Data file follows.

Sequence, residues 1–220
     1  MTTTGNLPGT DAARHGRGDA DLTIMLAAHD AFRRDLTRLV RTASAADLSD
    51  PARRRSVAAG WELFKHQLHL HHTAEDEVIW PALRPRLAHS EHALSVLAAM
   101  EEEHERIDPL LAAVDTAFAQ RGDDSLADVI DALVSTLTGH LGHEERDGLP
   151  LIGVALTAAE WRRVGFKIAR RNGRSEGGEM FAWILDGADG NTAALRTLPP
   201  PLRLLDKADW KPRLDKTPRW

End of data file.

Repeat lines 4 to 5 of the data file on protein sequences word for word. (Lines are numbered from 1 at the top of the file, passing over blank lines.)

   101  EEEHERIDPL LAAVDTAFAQ RGDDSLADVI DALVSTLTGH LGHEERDGLP
   151  LIGVALTAAE WRRVGFKIAR RNGRSEGGEM FAWILDGADG NTAALRTLPP